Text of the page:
How Performance Counseling Can Help Your Firm
5 Steps to Effective Performance Counselling
April 30, 2014
By Key Business Advisors
April 30, 2014Human Resources
To be successful, a business needs employees who are passionate about its purpose, values, and vision. It is up to business owners and/or managers to ensure team members are always engaged and motivated. But what can business owners and managers do when some employees may be providing customer service but not achieving the desired results?
As soon as you have identified that a team member is under-performing, do not wait for things to go from bad to worse. You need to let that team member know that his or her performance is unsatisfactory and conduct a performance counselling session with them to get them back on track. You need to ensure that you have a formal communication process between a manager and the team member, and that process has to be documented. Follow the five steps below for effective performance counselling:
1. Inform the team member about their performance and have a coaching discussion.
Give the employee all relevant details. Advise the employee in writing of the date and location of the meeting, ensuring it is in a private setting (for example, not in the staff tea room). Put the meeting in both of your diaries/calendars, and ensure the employee knows they can bring a support person of their choice if they would like to. Remember, you want a positive outcome, and they might only need more training or coaching and mentoring to get back on track.
2. Do your homework.
Take into consideration all issues with the team member’s performance. Be sure to gather all relevant documents, such as the employee’s position description, monthly targets, and any previous discussions/counselling sessions that addressed the same concerns. Fill in the performance counselling form prior to the meeting and be specific when outlining your concerns.
3. Conduct the performance counselling discussion as scheduled.
Discuss the team’s performance and your expectations. Provide specific examples of your concerns. Keep in mind that it is a two-way discussion – allow the team member to respond to your concerns about their performance, and listen to what he or she thinks is the reason for it. Identify where the gaps are and what the team member needs to do to improve his or her performance. Work out what specific training needs be put in place that will assist with improving their performance. It maybe be a behaviour problem that also needs addressing.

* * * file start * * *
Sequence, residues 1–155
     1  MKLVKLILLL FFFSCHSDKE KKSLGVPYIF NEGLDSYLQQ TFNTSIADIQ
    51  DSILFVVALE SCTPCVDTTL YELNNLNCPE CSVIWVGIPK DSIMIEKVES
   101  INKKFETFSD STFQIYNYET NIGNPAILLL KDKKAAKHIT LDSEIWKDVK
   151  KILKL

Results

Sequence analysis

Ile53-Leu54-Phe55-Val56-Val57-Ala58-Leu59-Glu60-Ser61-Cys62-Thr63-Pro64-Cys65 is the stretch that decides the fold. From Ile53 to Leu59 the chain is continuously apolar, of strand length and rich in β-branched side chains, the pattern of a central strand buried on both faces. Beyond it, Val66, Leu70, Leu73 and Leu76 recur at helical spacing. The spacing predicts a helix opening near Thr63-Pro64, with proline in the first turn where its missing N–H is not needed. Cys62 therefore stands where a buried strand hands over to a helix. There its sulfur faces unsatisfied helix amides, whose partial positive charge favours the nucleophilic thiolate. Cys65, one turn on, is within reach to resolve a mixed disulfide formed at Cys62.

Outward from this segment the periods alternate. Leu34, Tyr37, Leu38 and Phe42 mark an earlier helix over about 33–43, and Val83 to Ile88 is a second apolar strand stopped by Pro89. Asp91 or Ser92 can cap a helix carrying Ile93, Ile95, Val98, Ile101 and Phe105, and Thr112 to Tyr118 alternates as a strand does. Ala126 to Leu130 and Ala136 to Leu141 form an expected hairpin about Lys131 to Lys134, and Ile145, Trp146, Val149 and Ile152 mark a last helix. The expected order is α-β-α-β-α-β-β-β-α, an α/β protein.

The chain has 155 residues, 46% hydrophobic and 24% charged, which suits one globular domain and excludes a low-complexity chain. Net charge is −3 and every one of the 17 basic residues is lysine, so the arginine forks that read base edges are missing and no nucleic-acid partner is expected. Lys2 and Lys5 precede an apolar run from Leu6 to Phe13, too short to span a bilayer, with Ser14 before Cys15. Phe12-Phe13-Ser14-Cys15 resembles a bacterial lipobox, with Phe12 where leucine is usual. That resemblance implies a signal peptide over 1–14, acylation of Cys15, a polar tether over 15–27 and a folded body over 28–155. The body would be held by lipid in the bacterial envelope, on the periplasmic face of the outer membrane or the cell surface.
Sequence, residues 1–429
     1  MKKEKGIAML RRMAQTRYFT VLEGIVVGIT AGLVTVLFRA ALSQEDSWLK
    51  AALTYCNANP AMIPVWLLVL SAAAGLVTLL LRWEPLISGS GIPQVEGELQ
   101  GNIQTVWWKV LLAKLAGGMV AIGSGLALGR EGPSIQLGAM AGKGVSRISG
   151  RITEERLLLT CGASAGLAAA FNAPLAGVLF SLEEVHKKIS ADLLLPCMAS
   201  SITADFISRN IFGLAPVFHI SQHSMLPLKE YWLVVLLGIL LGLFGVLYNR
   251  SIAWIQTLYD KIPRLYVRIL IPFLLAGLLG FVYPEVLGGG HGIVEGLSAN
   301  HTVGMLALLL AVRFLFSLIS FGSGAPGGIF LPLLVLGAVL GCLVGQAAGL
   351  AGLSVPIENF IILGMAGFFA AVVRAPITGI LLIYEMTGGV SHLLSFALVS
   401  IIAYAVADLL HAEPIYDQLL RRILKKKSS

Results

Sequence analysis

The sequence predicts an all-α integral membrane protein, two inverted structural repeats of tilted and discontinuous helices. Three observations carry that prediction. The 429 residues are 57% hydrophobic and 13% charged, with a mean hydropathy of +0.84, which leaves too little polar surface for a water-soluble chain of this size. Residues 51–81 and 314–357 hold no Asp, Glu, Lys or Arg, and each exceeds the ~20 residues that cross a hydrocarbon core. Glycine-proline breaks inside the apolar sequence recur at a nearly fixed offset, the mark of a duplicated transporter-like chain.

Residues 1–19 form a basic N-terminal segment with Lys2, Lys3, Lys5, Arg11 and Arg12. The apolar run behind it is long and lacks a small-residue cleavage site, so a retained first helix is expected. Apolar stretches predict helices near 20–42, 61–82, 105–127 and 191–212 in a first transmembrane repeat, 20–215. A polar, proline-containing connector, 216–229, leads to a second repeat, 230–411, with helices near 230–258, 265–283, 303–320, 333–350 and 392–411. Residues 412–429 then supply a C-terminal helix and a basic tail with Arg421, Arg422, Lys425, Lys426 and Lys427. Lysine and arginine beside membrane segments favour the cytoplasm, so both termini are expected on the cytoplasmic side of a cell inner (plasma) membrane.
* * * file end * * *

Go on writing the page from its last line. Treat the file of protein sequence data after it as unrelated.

4. Create a performance/action plan.
Based on your discussion with the team member, develop a performance/action plan that would best support the team member in improving his or her performance. Be sure to include a specific period of review and conduct a follow up meeting at the completion of this period. Team members like to be challenged, so set some goals that work for you, the business and the team member, and be committed to making improvements. Provide the team member with a copy of the action plan, and place another copy in the team file.
5. Follow up with the employee.
At the completion of the set performance period, it is essential that you conduct another meeting with the employee. During this meeting, you will go through the performance plan you set at the last meeting, and advise the employee whether or not they have been successful. If they have successfully completed the performance plan, congratulate them and ensure that they know you require them to continue to perform this way moving forward. If they have not been successful, you may need to take further action such as setting a new performance period, a verbal warning, a written warning or, in extreme cases, termination of employment.
Keep in mind that the purpose of performance counselling is to assist employees to improve their performance, not to terminate them at the first sign of problems. Use positive language and focus on the behaviours and actions of the employee, and do not attack the employee personally. Most cases of under-performance are the result of lack of training, not understanding the requirements of the role, or not having the required skills or abilities. With further training, clear expectations and constant feedback, most employees will be able to improve their performance and become aligned with the business’s purpose, values, and vision.508-How-performance-counselling-can-help-your-firm